Earlier today I was having a business breakfast, Israeli style: cafè hafuch and an open lap-top to peruse artwork in a coffee shop. When I mentioned that I was on my way to the GA to my art colleague, she said “what for?”

Indeed, I asked myself the same question. The GA is the grand slam of Jewish organizational life,  with the heavy hitters of the Israeli establishment from politicos to soldiers, from journalists to educators, and from CEOs to students, every stripe of mover and shaker meeting eye to eye with the top echelons of the organized Jewish world of North America. This event is a rarity, occurring only once in a five year cycle in Jerusalem. With existential questions such as a nuclear Iran at the forefront of the agenda, and with cries for plurality in religious worship not far behind, what could  a blogger on culture and the arts come away with?

A quick glance through the schedule showed that there was little to come for. Zionism? yes. Start-ups? yes. Medical care? Haves and have-nots? Great Jewish Thoughts? Yes, yes, yes. Lots more than that, yes, but little in the realm of support or overt interest in the more nebulous needs like the visual arts and the spirit of the soul.

Lacking a target panel, I randomly chose one — a plenary session,  aptly em-cee’d by Times of Israel editor, David Horowitz (think that plug will get this featured?), where he lightly interviewed various personalities and success stories in the format of a late-night TV show. These included Ziv Shilon, whose personal story of overcoming combat wounds, involving the loss of an arm and reduced function of his remaining arm,  his insistence on returning to active service, followed by his recent decision to attend law school at the Inter Disciplinary Center in Herziliya, had everyone in the largest Binyanei ha Ooma auditorium on their feet in honor of this inspiring young man. Though others were very impressive, such as Daniel Birnbaum, the CEO of Soda Stream; Eleyezer Shkedy, the CEO of El Al;  MK Yair Lapid of Yesh Atid and MK Shelly Yacimovich, the head of the Labor party and Oppostion Leader, no one else touched the attendees in quite the same way.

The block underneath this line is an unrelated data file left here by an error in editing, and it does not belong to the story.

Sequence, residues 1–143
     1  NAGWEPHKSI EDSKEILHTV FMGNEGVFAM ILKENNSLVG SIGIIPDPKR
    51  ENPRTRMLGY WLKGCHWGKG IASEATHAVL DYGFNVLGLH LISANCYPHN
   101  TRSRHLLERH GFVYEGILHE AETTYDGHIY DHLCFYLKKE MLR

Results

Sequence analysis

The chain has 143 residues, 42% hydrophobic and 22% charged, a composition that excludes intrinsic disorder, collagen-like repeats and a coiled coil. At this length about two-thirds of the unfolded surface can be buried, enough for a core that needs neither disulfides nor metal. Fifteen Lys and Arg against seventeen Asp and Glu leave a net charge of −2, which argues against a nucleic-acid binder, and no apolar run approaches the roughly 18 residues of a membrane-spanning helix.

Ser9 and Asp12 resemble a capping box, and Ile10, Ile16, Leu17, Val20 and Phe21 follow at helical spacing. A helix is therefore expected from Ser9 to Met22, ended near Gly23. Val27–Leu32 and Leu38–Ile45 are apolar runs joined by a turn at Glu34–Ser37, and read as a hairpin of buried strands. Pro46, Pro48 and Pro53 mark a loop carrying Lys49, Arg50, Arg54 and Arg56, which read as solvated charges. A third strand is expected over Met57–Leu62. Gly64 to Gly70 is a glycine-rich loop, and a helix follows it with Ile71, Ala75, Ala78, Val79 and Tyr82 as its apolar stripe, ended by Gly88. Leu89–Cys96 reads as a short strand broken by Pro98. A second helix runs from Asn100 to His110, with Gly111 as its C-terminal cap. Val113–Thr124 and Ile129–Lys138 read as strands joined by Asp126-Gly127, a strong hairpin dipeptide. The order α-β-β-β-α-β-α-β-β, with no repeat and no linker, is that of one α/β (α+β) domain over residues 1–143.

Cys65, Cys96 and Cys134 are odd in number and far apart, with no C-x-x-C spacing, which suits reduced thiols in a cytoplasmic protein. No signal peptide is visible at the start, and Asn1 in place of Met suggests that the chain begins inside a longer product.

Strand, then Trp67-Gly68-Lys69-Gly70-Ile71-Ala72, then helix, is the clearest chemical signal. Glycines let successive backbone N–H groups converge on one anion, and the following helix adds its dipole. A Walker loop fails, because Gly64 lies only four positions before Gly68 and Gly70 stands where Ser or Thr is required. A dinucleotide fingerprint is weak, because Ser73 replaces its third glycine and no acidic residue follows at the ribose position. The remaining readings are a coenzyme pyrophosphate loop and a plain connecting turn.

So there I was in the audience and my mind wandered. Thirty-four years ago I graduated law school, took my bar exam, boarded an El Al plane and joined my boy friend, now husband, in Israel, going to ulpan to learn Hebrew in the WUJS program in Arad. I would not say I had stars in my eyes, more like dust from the arid desert that surrounded Arad. I had so much to learn, so many gaps in my education to fill. Those were the first steps.

And I stayed. I am reminded of this piece of my childhood:

I shall be telling this with a sigh
Somewhere ages and ages hence:
Two roads diverged in a wood, and I,
I took the one less traveled by,
And that has made all the difference. (“The Road Not Taken”- Robert Frost)